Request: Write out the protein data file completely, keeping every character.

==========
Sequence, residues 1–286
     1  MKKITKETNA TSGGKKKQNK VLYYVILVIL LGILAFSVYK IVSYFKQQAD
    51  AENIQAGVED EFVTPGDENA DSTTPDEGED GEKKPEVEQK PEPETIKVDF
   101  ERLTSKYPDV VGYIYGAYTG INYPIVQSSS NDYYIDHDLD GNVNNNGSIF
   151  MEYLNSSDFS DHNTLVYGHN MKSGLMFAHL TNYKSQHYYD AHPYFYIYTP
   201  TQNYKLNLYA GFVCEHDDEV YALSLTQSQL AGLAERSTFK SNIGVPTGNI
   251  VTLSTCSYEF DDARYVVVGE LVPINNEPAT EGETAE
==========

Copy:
Sequence, residues 1–286
     1  MKKITKETNA TSGGKKKQNK VLYYVILVIL LGILAFSVYK IVSYFKQQAD
    51  AENIQAGVED EFVTPGDENA DSTTPDEGED GEKKPEVEQK PEPETIKVDF
   101  ERLTSKYPDV VGYIYGAYTG INYPIVQSSS NDYYIDHDLD GNVNNNGSIF
   151  MEYLNSSDFS DHNTLVYGHN MKSGLMFAHL TNYKSQHYYD AHPYFYIYTP
   201  TQNYKLNLYA GFVCEHDDEV YALSLTQSQL AGLAERSTFK SNIGVPTGNI
   251  VTLSTCSYEF DDARYVVVGE LVPINNEPAT EGETAE